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Which clippings match 'Abu Ghraib Prison' keyword pg.1 of 1
20 JUNE 2013

The Stanford Prison Experiment

"Welcome to the Stanford Prison Experiment web site, which features an extensive slide show and information about this classic psychology experiment, including parallels with the abuse of prisoners at Abu Ghraib. What happens when you put good people in an evil place? Does humanity win over evil, or does evil triumph? These are some of the questions we posed in this dramatic simulation of prison life conducted in the summer of 1971 at Stanford University.

How we went about testing these questions and what we found may astound you. Our planned two–week investigation into the psychology of prison life had to be ended prematurely after only six days because of what the situation was doing to the college students who participated. In only a few days, our guards became sadistic and our prisoners became depressed and showed signs of extreme stress. Please join me on a slide tour describing this experiment and uncovering what it tells us about the nature of human nature."

(Philip G. Zimbardo)



1971Abu Ghraib Prisonauthoritybrutalitycommand responsibility • Cool Hand Luke (1967) • dehumanisationdeindividuationdignitydisciplineethics • guard • guilthuman experimentationhuman naturehuman subjectshuman willhumiliationimprisonmentmoral dignitymoral dilemmamoralitynature of morality • Philip Zimbardo • powerpower corruptsprisonprisonerpsychology • research experiment • research study • self-controlsimulation studysocial experimentssocial responsibility • Stanford Prison Experiment • suffering injustice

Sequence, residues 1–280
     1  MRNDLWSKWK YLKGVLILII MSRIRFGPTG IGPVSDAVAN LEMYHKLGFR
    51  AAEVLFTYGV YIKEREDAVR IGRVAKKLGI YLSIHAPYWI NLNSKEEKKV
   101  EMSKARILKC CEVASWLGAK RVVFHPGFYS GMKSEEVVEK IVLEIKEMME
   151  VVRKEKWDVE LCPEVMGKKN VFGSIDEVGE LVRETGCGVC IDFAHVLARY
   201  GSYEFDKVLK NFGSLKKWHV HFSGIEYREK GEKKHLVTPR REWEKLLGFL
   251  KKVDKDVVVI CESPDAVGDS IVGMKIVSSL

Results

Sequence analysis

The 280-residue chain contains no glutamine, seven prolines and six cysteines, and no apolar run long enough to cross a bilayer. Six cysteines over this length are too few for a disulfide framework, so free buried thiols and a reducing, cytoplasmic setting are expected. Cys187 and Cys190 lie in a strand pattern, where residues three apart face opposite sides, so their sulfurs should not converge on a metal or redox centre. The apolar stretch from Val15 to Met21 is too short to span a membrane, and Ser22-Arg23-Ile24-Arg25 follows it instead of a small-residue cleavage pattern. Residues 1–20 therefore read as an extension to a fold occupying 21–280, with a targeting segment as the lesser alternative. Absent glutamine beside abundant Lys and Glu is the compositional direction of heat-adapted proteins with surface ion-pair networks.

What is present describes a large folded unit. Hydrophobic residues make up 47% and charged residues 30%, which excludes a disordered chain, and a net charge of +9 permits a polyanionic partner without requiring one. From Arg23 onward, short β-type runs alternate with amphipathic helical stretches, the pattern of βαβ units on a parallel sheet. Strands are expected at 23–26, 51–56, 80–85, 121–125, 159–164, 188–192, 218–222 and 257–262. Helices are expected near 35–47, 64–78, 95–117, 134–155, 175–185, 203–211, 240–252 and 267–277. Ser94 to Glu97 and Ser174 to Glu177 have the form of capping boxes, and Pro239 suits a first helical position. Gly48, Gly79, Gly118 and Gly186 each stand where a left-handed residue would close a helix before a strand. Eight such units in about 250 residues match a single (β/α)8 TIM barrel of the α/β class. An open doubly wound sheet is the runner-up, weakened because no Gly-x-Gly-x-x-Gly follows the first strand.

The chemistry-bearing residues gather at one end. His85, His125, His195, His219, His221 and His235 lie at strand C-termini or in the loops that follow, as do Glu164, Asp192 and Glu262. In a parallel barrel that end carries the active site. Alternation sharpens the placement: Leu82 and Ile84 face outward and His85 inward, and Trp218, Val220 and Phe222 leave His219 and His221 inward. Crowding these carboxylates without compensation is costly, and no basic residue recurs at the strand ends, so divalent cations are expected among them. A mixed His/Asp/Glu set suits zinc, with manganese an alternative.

Simon Perkins
11 AUGUST 2005

Christian forces humiliating Muslims in their own heartland

"[Islam, like Christianity] is fuelled by diverse factors. Some point to the growing resentment of being humiliated by the Christian West. The invasion and occupation of Afghanistan and Iraq have been the most recent causes for resentment, of Christian forces humiliating Muslims in their own heartland. The support of Israel by the United States to the neglect of the Palestinian people only confirms such resentment in the minds of many. But there are other factors as well. Many young, educated males in Muslim lands cannot find jobs. Since Western technology has failed them, they turn to their faith. The sheer pace of globalisation, and the migration of Muslims out of majority–Muslim countries into a Muslim diaspora have created an alienation that makes people cling more to their faith. Movements of revival have been moving through the Muslim world since the 1930s, but the recent developments of globalisation and migration have brought them to the attention of the rest of the world. As recently as the early 1990s, French scholar Olivier Roy saw worldwide Islam as too decentralised and too disorganised to make much social difference. Today, he speaks more carefully about what he sees happening."

(Robert J. Schreiter, p.5)

2). Schreiter, R. J. (2005). "A New Modernity: Living and Believing in an Unstable World". The Anthony Jordan Lectures, Newman Theological College, Edmonton Alberta, March 18–19, 2005 p.5. http://www.mission– (Accessed 10 August 2005).



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